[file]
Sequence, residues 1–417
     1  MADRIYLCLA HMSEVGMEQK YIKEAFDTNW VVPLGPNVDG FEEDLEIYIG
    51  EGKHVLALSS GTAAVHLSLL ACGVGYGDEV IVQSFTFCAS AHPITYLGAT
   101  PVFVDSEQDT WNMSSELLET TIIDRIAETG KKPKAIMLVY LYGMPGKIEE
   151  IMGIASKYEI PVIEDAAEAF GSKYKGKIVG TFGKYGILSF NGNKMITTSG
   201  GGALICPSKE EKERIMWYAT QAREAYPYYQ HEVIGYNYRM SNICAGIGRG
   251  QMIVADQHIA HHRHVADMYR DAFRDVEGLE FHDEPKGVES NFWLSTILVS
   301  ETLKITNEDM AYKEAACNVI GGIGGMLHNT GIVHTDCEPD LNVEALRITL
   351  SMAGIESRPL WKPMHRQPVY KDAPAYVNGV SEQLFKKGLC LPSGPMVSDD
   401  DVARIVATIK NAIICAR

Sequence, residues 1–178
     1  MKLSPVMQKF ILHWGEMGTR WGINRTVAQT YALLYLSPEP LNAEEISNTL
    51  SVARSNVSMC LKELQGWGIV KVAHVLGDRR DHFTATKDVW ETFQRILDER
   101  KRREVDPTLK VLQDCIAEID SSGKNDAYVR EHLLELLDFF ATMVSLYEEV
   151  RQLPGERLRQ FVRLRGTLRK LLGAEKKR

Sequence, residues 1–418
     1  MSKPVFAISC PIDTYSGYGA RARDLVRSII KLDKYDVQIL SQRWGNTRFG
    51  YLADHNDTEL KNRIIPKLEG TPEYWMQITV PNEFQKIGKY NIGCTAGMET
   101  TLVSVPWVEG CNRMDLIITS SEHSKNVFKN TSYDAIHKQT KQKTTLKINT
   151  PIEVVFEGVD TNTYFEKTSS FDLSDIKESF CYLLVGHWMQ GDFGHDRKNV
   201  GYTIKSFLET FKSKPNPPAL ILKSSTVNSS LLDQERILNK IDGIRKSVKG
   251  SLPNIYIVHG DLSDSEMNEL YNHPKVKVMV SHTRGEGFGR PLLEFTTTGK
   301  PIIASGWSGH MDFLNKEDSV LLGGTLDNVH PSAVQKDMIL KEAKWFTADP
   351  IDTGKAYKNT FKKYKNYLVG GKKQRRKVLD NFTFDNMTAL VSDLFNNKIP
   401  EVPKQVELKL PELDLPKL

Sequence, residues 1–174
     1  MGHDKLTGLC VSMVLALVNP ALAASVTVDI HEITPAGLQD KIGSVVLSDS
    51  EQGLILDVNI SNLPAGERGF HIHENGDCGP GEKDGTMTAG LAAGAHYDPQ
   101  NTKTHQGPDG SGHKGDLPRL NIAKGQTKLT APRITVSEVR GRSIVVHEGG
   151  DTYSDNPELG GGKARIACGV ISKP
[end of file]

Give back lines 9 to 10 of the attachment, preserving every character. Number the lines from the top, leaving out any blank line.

   351  SMAGIESRPL WKPMHRQPVY KDAPAYVNGV SEQLFKKGLC LPSGPMVSDD
   401  DVARIVATIK NAIICAR